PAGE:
Sun International’s Boardwalk Casino in Port Elizabeth. Picture: THE HERALD
Sun International’s Boardwalk Casino in Port Elizabeth. Picture: THE HERALD

It was an easy choice to make for two large shareholders in Sun International if the price reaction since Nueva Inversiones Pacifico Sur swooped in with a R1.5bn offer for a majority stake in the hotels and casino group is anything to go by.

Though the stock has surged by about a quarter since the offer was made public on Wednesday, it is still about 20% below the offer price, suggesting that investors see little prospect of the deal going through.

Value Capital Partners, an investment house best known for using its stakes to push for changes in boards and strategies of companies, and Allan Gray swiftly rejected the offer of R22 per share as too low. The duo collectively own 43% of Sun International, enough to vote down the tie-up.

Even so, there’s no denying that the offer is cheeky and has a whiff of opportunism

Depending on one’s starting point, Value Capital, led by former Brait director Sam Sithole, and Allan Gray are either rejecting a generous premium or simply refusing to let the Chileans buy their company on the cheap.

Claudio and Humberto Fischer, the brothers behind Nueva, are prepared to shell out R22 per share, a premium of almost 50% premium to Sun International’s closing price the day before their offer became public. As part of the deal, Nueva will underwrite its proportion of the R1.2bn rights issue and advance a bridging loan to Sun International.

Framed as an alternative lifeline for Sun International, which is beset by lockdown restrictions at home and in South America, the bid came hours after the hotel group mapped out a sweeping operational overhaul. The plan entailed raising R1.2bn from shareholders, selling surplus land to raise R380m and slashing 1,800 jobs, or 12% of its staff, to survive in the age of Covid-19.

Nueva’s offer sounds like an easy payout for Sun International’s shareholders, especially given the alternative of shoring up the company with the second rights issue in as many years. They were on the hook in 2018 in a R1.6bn equity fund-raising to help pay down debt after Sun International’s R4bn investment in the sprawling Times Square casino in Pretoria coincided with a weakening in consumer spending.

Under the Nueva deal, they won’t have to dig deep in their pockets when Sun International undertakes the equity capital raise, and bullish investors have an opportunity to participate in any potential upside as Nueva is buying only slightly more than half of Sun International.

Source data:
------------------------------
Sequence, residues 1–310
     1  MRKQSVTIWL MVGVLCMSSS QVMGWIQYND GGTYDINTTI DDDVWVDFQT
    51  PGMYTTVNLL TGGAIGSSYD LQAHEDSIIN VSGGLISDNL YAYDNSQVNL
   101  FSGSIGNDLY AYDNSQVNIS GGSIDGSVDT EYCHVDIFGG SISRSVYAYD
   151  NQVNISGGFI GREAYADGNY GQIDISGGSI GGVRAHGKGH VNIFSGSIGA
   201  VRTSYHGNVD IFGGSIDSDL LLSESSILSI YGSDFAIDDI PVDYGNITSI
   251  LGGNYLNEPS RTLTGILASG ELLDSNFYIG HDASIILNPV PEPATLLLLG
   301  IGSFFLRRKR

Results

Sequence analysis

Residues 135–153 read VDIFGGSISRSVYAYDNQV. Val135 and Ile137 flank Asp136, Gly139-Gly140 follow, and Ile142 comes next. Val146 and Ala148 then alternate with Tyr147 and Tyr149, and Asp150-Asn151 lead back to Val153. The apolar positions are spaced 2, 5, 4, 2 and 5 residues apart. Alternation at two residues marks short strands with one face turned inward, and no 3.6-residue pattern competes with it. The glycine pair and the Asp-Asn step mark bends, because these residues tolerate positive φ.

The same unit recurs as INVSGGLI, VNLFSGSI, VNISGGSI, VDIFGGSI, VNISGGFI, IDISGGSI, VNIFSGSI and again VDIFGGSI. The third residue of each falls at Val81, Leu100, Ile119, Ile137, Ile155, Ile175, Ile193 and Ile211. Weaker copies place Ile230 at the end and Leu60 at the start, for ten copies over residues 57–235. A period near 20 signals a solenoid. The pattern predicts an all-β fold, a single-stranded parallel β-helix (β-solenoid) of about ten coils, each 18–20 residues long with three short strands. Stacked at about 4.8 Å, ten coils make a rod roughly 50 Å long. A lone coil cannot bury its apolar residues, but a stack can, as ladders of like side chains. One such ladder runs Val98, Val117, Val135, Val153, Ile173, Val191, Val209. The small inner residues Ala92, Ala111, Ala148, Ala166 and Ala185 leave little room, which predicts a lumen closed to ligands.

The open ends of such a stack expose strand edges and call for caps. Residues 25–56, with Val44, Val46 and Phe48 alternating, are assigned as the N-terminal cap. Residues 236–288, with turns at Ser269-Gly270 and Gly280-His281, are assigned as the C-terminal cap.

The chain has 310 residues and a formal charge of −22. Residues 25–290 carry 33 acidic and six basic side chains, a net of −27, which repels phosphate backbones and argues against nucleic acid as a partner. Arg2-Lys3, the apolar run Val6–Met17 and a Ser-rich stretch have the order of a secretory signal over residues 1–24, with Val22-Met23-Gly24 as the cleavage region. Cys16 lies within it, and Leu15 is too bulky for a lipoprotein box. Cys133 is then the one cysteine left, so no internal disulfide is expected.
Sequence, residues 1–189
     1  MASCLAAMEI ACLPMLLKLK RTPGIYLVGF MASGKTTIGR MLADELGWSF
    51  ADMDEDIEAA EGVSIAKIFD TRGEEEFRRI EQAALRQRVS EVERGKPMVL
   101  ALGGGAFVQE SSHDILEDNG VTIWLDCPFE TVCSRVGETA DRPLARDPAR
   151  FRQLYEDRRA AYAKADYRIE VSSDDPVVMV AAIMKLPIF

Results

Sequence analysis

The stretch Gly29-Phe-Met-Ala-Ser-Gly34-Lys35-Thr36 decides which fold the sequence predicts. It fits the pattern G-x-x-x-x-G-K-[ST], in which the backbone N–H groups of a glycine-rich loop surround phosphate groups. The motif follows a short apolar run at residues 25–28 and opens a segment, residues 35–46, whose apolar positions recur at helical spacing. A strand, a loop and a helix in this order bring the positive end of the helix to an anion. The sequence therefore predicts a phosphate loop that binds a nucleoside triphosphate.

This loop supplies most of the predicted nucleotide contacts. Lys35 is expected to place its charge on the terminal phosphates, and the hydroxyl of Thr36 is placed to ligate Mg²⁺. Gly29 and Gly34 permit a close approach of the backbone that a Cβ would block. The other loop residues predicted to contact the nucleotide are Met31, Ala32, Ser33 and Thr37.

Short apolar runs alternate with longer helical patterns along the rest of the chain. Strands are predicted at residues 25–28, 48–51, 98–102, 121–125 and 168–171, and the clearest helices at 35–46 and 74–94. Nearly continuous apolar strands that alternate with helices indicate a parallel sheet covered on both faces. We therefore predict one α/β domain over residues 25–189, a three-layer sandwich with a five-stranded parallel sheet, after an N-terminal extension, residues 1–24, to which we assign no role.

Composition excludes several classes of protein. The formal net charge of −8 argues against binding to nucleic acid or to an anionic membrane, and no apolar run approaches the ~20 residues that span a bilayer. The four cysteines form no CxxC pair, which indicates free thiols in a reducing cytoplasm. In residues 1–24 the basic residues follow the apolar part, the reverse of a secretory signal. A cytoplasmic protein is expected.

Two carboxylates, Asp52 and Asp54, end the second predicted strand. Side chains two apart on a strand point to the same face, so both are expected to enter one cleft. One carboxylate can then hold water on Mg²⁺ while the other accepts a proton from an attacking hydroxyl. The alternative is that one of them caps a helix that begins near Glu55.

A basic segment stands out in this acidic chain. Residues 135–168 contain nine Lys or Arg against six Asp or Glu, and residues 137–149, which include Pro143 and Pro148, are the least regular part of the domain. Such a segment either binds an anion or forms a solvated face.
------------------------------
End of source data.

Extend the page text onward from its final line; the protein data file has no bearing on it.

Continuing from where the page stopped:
Still, there’s no denying that the offer is cheeky and has a whiff of opportunism. It comes just as Sun International is preparing for the dice to roll at its casinos, after its share price had taken a pounding from revenue losses due to lockdown restrictions in place since late March.

Nueva’s offer is more than 50% below Sun International’s recent peak of about R47, just nine months ago, making the proposal a nonstarter for investment houses such as Value Capital Partners, which picks stocks that trade at less than their net worth or book value.

Sun International’s board has also dismissed the offer on the grounds that the company is suing Nueva for trying to back out of a deal to buy a stake in its South American division, Sun Dreams. Full details of the dispute are protected by confidentiality clauses, but broadly Sun International is demanding R1.5bn from Nueva, which argues that some conditions regarding the transaction were not met.  

If there’s even a slight chance of getting Nueva to pay the same amount for a 15% stake in a division as it would for a controlling stake in the whole group, it makes sense for Sun International’s board to argue that the offer for half of the whole group grossly undervalues it. It’s also correct to raise the dispute as a significant issue in any of Nueva’s proposals.

With the support of its lenders, which have agreed to waive any violations in agreed debt levels as a proportion of its core earnings until June 2021, Sun International’s board is well positioned to fend off the offer in its current form.

Sithole has cast doubt on the sincerity of the bid, but if it is sincere the Fischer brothers will have to address the dispute and come up with a higher offer.

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